Belarus is working on obtaining new loans from Russia amid sanctions that have cut off its economy from key foreign currency sources.
Minsk is negotiating a new government loan, as well as additional funds from the Eurasian Fund for Stabilization and Development, which is 90% funded by Russia, said First Deputy Prime Minister of Belarus Nikolai Snopkov.
"The total amount of the requested funds is $3.5 billion," he said at a meeting with the Belarusian dictator Alexander Lukashenko. New Russian loans "will compensate for the loss of European money to refinance the debt," Snopkov said.
In 2022, Belarus will have to repay $ 3.3 billion of foreign loans, and in 2023 - $ 4.7 billion along with interest payments.
At the same time, the inflow of currency into the Belarusian economy is collapsing due to sanctions. The EU has stopped imports of all Belarusian petroleum products, and the United States has introduced measures against the Belarusian potash producer Belaruskali, banning its trading arm (Belarusian Potash Company, BPC) from dollar transactions.
In addition, the fifth sanctions package hit the Belarusian national debt, completely shutting the door for Lukashenko to world capital markets.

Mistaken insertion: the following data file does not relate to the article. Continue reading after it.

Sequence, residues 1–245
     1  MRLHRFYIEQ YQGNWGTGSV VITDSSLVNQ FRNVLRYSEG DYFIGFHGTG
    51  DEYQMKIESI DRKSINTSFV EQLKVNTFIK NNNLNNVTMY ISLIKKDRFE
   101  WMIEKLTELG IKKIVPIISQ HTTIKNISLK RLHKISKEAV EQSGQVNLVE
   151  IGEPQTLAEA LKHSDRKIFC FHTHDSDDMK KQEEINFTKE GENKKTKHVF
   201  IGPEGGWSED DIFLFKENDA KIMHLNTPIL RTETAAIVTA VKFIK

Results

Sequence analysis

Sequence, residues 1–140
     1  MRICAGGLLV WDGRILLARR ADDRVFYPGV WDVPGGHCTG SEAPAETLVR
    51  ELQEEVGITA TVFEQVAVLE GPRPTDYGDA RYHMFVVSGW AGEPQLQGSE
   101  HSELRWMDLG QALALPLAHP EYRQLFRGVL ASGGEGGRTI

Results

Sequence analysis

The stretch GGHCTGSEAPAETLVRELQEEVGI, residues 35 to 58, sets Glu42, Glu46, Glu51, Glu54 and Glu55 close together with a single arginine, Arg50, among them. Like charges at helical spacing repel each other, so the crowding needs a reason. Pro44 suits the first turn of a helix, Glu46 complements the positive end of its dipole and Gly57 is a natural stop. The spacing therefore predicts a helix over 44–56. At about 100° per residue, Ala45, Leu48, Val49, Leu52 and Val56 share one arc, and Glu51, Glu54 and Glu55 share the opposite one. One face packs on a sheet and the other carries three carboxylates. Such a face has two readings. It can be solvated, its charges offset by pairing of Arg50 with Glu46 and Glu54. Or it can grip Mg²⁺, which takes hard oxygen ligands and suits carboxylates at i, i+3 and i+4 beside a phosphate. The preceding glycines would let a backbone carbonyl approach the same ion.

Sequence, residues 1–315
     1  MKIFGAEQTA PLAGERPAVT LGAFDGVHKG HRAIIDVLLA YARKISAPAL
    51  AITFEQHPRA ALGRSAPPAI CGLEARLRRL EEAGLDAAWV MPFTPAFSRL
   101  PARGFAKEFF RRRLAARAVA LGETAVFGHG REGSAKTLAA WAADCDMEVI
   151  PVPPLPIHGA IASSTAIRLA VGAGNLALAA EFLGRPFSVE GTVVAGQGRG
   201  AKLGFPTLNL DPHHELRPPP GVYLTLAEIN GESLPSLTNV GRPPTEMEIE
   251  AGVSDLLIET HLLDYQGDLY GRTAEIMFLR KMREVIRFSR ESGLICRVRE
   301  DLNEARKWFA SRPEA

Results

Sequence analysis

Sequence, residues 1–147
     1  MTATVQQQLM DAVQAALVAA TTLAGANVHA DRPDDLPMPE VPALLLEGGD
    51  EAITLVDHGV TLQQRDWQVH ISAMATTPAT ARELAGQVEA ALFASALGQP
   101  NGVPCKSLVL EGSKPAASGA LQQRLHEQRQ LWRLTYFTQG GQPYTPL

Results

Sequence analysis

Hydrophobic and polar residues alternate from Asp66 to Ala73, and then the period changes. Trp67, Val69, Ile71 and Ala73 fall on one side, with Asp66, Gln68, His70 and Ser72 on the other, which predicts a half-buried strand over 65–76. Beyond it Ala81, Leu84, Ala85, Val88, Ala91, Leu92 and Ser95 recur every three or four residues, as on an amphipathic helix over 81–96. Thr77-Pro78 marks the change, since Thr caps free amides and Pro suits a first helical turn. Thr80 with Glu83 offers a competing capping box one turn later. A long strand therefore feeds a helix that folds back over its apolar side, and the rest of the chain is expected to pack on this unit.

As a result, there was a "direct risk to the ability to refinance the loans, including to domestic borrowing," Snopkov said.
Most international financial organizations refused to cooperate with Belarus. Minsk has no other options for attracting investment funds, Snopkov told Lukashenko, adding that "the only source of development and economic growth are internal resources and internal reserves."
The volume of these reserves in terms of foreign currency is negligible. As of December 1, the Belarusian National Bank reported that it had $ 8.744 billion in gold reserves. At the same time, more than half of the foreign currency reserves is in gold and illiquid assets, and only half as much - $ 3.944 billion, is in cash. This money is barely enough for a year of payments on foreign loans.
On December 10, Lukashenko held another telephone conversation with Russian President Vladimir Putin and, according to his press service, discussed "emerging challenges for the two countries."
A day earlier, Putin condemned statements that Belarus was "on Russia’s payroll", calling them incorrect and impermissible.
Putin said that the creation of the Union State was a long and delicate process requiring exceptional competence.
Last August, Putin gave $1.5 billion to Lukashenko, whose regime nearly collapsed after protests in response to elections unrecognized by the West. In 2021, Belarus received another $ 1 billion in loans from Russia and deferred repayment of old debts.